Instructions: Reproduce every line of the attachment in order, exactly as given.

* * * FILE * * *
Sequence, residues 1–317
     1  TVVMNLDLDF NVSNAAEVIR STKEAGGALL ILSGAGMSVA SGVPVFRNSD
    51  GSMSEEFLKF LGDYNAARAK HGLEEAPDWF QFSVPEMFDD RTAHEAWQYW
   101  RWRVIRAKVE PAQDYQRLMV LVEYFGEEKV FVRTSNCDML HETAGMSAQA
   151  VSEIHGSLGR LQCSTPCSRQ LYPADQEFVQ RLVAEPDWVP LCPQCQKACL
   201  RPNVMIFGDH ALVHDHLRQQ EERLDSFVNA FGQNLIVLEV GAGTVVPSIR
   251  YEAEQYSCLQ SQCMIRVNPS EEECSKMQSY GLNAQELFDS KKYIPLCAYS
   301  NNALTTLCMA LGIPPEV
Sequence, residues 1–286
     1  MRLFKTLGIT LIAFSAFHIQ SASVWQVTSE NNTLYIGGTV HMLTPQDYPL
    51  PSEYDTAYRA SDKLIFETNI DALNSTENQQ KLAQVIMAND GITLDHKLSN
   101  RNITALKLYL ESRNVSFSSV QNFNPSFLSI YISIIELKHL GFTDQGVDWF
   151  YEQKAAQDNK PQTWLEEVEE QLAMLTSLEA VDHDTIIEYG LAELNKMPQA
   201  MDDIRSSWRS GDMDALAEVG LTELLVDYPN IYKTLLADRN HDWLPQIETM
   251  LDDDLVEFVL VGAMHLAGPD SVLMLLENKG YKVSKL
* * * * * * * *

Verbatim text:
Sequence, residues 1–317
     1  TVVMNLDLDF NVSNAAEVIR STKEAGGALL ILSGAGMSVA SGVPVFRNSD
    51  GSMSEEFLKF LGDYNAARAK HGLEEAPDWF QFSVPEMFDD RTAHEAWQYW
   101  RWRVIRAKVE PAQDYQRLMV LVEYFGEEKV FVRTSNCDML HETAGMSAQA
   151  VSEIHGSLGR LQCSTPCSRQ LYPADQEFVQ RLVAEPDWVP LCPQCQKACL
   201  RPNVMIFGDH ALVHDHLRQQ EERLDSFVNA FGQNLIVLEV GAGTVVPSIR
   251  YEAEQYSCLQ SQCMIRVNPS EEECSKMQSY GLNAQELFDS KKYIPLCAYS
   301  NNALTTLCMA LGIPPEV
Sequence, residues 1–286
     1  MRLFKTLGIT LIAFSAFHIQ SASVWQVTSE NNTLYIGGTV HMLTPQDYPL
    51  PSEYDTAYRA SDKLIFETNI DALNSTENQQ KLAQVIMAND GITLDHKLSN
   101  RNITALKLYL ESRNVSFSSV QNFNPSFLSI YISIIELKHL GFTDQGVDWF
   151  YEQKAAQDNK PQTWLEEVEE QLAMLTSLEA VDHDTIIEYG LAELNKMPQA
   201  MDDIRSSWRS GDMDALAEVG LTELLVDYPN IYKTLLADRN HDWLPQIETM
   251  LDDDLVEFVL VGAMHLAGPD SVLMLLENKG YKVSKL